On air
  • RFI English Live
  • Latest Bulletin
  • RFI French Live

France US

Issued on • Modified

New York to remove Nazi collaborator Petain plaque

A protester holds a sign reading "Racism is not Patriotism" at a march against white nationalism in New York City, the day after the attack on counter-protesters at the "Unite the Right" rally organized by white nationalists in Charlottesville, Virginia, U REUTERS/Joe Penney

New York's Democratic mayor has promised to remove a plaque dedicated to Nazi collaborator Philippe Petain, who led Vichy France during World War II, following deadly violence in Virginia.

A woman was killed and 19 other people injured Saturday when a suspected white supremacist drove his car into a group of anti-racism protestors at a neo-Nazi rally in Charlottesville, Virginia.

"After the violent events in Charlottesville, New York City will conduct a 90-day review of all symbols of hate on city property," Bill de Blasio announced on Twitter on Wednesday.

"The commemoration for Nazi collaborator Philippe Petain in the Canyon of Heroes will be one of the first we remove."

The Canyon occupies a stretch of Broadway in Manhattan's Financial District. Plaques on the sidewalk commemorate those feted with a ticker-tape parade in New York -- an honor that Petain received in 1931 as a World War I hero.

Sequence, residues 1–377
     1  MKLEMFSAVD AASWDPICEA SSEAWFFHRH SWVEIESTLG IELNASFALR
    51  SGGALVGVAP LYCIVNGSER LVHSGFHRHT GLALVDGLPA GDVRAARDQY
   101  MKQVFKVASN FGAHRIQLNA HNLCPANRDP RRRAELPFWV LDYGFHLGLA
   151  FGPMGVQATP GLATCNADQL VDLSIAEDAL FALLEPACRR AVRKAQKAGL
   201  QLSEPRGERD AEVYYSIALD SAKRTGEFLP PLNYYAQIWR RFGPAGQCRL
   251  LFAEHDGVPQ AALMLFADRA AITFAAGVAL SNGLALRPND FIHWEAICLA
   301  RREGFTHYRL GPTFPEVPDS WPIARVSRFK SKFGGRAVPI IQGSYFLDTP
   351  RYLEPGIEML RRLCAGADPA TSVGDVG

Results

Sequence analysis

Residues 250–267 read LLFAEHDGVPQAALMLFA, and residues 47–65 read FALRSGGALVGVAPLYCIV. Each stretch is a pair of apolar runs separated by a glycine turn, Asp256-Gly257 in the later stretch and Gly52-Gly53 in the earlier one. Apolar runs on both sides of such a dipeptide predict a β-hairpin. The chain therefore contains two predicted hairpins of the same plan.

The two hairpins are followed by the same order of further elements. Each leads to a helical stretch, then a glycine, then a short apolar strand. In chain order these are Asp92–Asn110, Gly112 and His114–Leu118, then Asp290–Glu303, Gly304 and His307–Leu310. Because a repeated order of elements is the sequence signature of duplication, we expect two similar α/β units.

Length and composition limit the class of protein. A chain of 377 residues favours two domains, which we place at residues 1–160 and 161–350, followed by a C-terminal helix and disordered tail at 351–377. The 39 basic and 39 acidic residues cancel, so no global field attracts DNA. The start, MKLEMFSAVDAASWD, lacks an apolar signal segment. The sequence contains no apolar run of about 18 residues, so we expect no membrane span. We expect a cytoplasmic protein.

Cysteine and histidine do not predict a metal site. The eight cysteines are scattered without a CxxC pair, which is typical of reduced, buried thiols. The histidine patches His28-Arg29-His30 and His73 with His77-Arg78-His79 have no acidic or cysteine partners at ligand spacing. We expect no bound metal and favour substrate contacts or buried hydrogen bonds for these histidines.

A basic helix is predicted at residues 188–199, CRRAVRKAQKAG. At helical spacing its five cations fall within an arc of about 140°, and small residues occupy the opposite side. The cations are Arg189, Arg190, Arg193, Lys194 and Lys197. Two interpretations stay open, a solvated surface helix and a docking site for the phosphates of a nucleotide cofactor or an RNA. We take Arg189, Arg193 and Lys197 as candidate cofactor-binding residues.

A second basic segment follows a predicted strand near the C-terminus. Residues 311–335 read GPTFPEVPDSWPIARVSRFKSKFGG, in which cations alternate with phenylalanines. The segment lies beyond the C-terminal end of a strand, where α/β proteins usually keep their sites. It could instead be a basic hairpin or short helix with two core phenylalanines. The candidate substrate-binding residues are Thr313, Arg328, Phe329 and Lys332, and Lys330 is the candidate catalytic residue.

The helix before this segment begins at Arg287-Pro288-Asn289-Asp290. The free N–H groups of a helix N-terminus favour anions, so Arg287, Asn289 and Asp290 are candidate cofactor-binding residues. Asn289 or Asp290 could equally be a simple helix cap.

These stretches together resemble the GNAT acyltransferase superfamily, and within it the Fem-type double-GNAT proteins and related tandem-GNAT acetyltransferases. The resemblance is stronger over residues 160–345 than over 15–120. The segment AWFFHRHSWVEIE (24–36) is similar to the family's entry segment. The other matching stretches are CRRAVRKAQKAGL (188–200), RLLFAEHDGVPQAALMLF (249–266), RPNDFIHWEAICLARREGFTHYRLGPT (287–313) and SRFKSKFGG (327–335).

But a decade later, he went on to lead the Vichy regime in France that collaborated with German Nazis from 1940-1944.

He passed legislation that subjected Jews to severe discrimination and under his leadership the Vichy regime put to death up to 15,000 people and helped deport nearly 80,000.

The Charlottesville violence has seen campaigns gather momentum across the United States to remove symbols of the pro-slavery Civil War South, with monuments removed this week in Baltimore, Maryland and other cities.

The clashes occurred at a rally called by white supremacists to protest plans to remove a statue of Confederate General Robert E. Lee.

Two busts to Lee, the commander of the Confederate Army of Northern Virginia, and one of his top generals, Thomas "Stonewall" Jackson, at New York's Bronx Community College are expected to be removed in coming days.

Two plaques honoring Lee were removed from a Brooklyn church on Wednesday.